By David Kirkpatrick, contributor
Mark Zuckerberg says he owes nothing to Paul Ceglia, the man who recently emerged from the woodwork with the extraordinary claim that he owns 84% of Facebook.
Ceglia hired Zuckerberg -- then an 18-year-old college freshman -- in April 2003 to help him program his own Web project, a sort of reference for street intersections to be used by insurance companies and others. Ceglia claims Zuckerberg took $1,000 of his money and, in return, signed a contract giving him 50% of a project Zuckerberg was undertaking called "The Face Book." Thanks to contractual provisions, that stake increased to a whopping 84%, Ceglia claims.
Zuckerberg says that is bunk. I asked him, through a Facebook spokesman, whether there is any truth to Ceglia's claims that he sold an ownership interest in what later became Facebook.
"Of course not," replied Zuckerberg. "It was all about his website. I hadn't even thought of Facebook yet. How could I have given him an ownership interest in it?"
I recently published a book titled The Facebook Effect: The Inside Story of the Company That is Connecting the World. In the book, I detail how in 2003 Zuckerberg and three computer science-student pals shared an apartment and spent the summer talking about the ways the free flow of information on the Internet -- and a new social sort of software -- were changing the world.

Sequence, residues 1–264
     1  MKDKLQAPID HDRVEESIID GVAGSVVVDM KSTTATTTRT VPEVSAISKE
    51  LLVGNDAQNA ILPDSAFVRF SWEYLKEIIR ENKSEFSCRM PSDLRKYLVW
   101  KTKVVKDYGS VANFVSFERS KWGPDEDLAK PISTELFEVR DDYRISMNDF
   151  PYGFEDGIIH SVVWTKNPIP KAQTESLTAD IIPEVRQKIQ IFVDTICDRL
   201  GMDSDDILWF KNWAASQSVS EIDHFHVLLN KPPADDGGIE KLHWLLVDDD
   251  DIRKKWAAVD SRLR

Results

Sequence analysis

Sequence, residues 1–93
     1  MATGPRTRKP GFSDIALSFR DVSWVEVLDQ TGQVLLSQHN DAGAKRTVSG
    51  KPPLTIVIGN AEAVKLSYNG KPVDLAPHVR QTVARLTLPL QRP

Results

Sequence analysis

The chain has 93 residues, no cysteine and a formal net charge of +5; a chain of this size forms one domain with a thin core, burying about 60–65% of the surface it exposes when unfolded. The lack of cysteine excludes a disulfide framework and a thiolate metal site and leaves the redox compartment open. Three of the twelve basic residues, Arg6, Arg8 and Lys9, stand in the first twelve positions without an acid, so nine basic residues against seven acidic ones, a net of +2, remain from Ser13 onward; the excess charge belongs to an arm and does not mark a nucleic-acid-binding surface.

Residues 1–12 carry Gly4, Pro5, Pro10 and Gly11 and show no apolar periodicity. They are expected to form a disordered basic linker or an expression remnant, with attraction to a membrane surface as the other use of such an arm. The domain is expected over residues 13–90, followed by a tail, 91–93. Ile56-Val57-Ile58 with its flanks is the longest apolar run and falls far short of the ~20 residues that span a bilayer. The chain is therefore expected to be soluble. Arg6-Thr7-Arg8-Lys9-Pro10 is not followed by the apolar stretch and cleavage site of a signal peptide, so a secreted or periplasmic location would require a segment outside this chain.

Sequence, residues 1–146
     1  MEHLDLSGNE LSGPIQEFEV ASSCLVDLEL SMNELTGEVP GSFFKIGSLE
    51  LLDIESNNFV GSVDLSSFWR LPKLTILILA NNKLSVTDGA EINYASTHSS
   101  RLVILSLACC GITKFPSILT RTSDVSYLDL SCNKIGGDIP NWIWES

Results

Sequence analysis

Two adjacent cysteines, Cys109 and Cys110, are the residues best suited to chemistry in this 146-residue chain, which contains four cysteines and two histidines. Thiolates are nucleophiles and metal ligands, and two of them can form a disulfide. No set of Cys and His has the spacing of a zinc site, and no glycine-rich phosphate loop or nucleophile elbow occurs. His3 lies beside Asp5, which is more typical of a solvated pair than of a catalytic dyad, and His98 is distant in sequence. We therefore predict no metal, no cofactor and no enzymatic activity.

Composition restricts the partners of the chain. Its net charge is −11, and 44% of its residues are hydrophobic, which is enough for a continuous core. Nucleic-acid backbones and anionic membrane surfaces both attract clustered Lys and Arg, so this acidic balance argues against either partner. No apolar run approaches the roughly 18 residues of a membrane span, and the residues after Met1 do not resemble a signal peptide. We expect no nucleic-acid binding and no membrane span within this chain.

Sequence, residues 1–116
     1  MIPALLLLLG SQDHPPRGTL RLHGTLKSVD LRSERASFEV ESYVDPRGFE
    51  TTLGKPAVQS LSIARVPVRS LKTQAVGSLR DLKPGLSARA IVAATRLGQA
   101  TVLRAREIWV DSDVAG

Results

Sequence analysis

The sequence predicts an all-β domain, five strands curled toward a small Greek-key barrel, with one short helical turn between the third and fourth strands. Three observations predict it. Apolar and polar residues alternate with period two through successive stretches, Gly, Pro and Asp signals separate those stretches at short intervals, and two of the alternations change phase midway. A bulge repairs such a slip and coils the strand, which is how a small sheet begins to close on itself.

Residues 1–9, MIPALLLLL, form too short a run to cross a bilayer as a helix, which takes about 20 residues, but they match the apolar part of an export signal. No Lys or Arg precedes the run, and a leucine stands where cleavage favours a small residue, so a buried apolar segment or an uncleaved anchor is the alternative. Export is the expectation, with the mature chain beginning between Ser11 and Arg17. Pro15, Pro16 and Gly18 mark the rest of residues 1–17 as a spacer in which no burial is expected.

Following those discussions, Zuckerberg went back for his sophomore year at Harvard and created an increasingly sophisticated series of website experiments. They culminated in February 2004 with to the creation of what was then called "thefacebook.com." As I report in my book, Zuckerberg says he didn't get the idea for "thefacebook" until late in the fall semester of 2003, and did most of the programming in January 2004.
Zuckerberg concedes that he performed several software programming jobs for Ceglia. Zuckerberg had been advertising on Craigslist that he was available for such jobs, and Ceglia contacted him there -- as did others from whom Zuckerberg accepted work-for-hire jobs.
Ceglia's lawyer claims he has a document in which Zuckerberg signed over a 50% stake in the then-undeveloped TheFaceBook. The case has been taken seriously enough that it is now pending in federal court in Buffalo. But Facebook's lawyers have yet to see the document, despite repeated requests. A poorly reproduced copy was filed with the court.
If Ceglia has the document his lawyers claim, why did he wait seven years to pursue it? This was a period during which he was accused of defrauding customers for his wood fuel business to the tune of $200,000.
While he was the owner of at least half of a company that was worth billions? Really?
"Plaintiff’s counsel approached us and offered to discuss ways to make this go away," says Facebook spokesman Barry Schnitt. "We declined."
Ceglia's attorney, Terrence Connors, did not respond to a request for comment.
Kirkpatrick was for many years Fortune's senior editor for Internet and technology. His recent book is The Facebook Effect: The Inside Story of the Company That is Connecting the World.